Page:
Discovery of Earth-like Exoplanets on the Rise

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Extrasolar planets which are also called as exoplanets are planets which are outside the solar system. As of July 2013, NASA has identified 919 such planets, out of which 262 may be habitable planets. This planet hunting undertaken by NASA has received major contribution from Kepler Mission.

The latest being a five-planet system that includes a “hot mars” and 4 super-Earths, two of which might even host liquid water. Even though these are not the Earth-like exoplanets the Kepler plans to discover, they are still quite close.

Named as Kepler-62 system it lies 1,200 light- years away around an orange, hydrogen- fusing K2 star about two-thirds the size of our Sun. The hot Mars whips around the star every 12 days; two hot super-Earths complete orbits every 6 days and 18 days. The final two worlds, Kepler-62e and Kepler-62f, are 60% and 40% bigger than Earth, respectively, and their orbits last 122 days and 267 days. This discovery comes just months after Kepler Mission had discovered the earth-like exoplanet named  KOI-172.02 on 7th January, 2013. The image below shows a list of some of the exoplanets which may be earth-like.

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Potential Earth-like Exoplanets

In order to prove an exoplanet being Earth like, certain criterias need to be fulfilled. There are two approaches which the scientists look into. One way is to assume that the planets are rocky, with atmospheres thick with water vapor and carbon dioxide. Under these strict assumptions, Kepler-62f would receive enough stellar flux to keep liquid water on its surface, with the help of greenhouse effects. But in this case Kepler-62e would be too hot.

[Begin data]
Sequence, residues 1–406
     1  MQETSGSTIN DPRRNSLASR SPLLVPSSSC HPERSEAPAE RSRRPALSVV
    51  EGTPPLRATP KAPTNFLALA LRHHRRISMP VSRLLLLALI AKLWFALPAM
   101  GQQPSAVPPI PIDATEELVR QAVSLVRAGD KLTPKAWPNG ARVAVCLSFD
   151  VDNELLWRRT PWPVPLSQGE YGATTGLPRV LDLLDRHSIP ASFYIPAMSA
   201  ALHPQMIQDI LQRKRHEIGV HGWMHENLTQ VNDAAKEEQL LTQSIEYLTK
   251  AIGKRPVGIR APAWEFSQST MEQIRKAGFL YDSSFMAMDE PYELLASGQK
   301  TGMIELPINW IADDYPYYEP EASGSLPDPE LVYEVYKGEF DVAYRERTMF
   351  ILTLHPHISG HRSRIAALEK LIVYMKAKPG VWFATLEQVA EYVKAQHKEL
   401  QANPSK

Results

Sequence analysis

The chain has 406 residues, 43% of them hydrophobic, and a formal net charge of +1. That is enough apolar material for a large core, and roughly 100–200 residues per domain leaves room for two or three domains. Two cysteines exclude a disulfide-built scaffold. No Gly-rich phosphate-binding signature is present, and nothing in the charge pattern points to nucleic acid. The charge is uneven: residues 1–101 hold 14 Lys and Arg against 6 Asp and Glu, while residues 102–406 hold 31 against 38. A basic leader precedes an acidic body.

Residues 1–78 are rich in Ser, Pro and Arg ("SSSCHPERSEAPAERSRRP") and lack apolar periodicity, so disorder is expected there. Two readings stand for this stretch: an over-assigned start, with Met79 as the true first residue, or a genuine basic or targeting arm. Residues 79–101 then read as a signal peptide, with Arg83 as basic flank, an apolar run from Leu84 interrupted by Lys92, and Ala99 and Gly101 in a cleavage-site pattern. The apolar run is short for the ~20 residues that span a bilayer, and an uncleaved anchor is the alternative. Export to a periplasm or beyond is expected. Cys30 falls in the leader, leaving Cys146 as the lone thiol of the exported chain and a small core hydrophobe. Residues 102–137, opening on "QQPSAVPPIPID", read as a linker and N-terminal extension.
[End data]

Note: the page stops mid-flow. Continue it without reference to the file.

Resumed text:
The second approach seems to be liberal as it defines the habitable zone by referring to the orbits and atmospheres Venus and Mars had billions of years ago, when they were still able to host liquid water. This method allows Kepler-62e to sneak in as well. But the question still remains whether these planets are actually habitable. The reason being their masses are too low to nail down via radial velocity or variations in the transit timings, so with just their sizes astronomers can only speculate about what they’re made of. Still, by not finding these other signals, the team can limit Kepler-62e to 36 Earth masses and Kepler-62f to 35 Earth masses. If the planets are both rocky and many times Earth’s mass, they might be very geologically active. Then again, since Kepler-62 is 7 billion years old, the planets could have simmered down by now.

On the other hand, an Earth-mass water world could have an ocean, but deep down it would turn into pressurized ice. After this discovery there is certainly excitement among the media. Yet despite the media fanfare, astronomers proceed with caution. Caleb Scharf from Columbia University suggests, “I’d be hesitant to call any of these worlds potentially ‘Earth-like’, but their discovery is definitely leading us closer and closer to places that might represent alien, but nonetheless similar, environments to our own.”

Exploration and discovery of such giant exoplanets are definitely an encouraging sign towards finding life in space.

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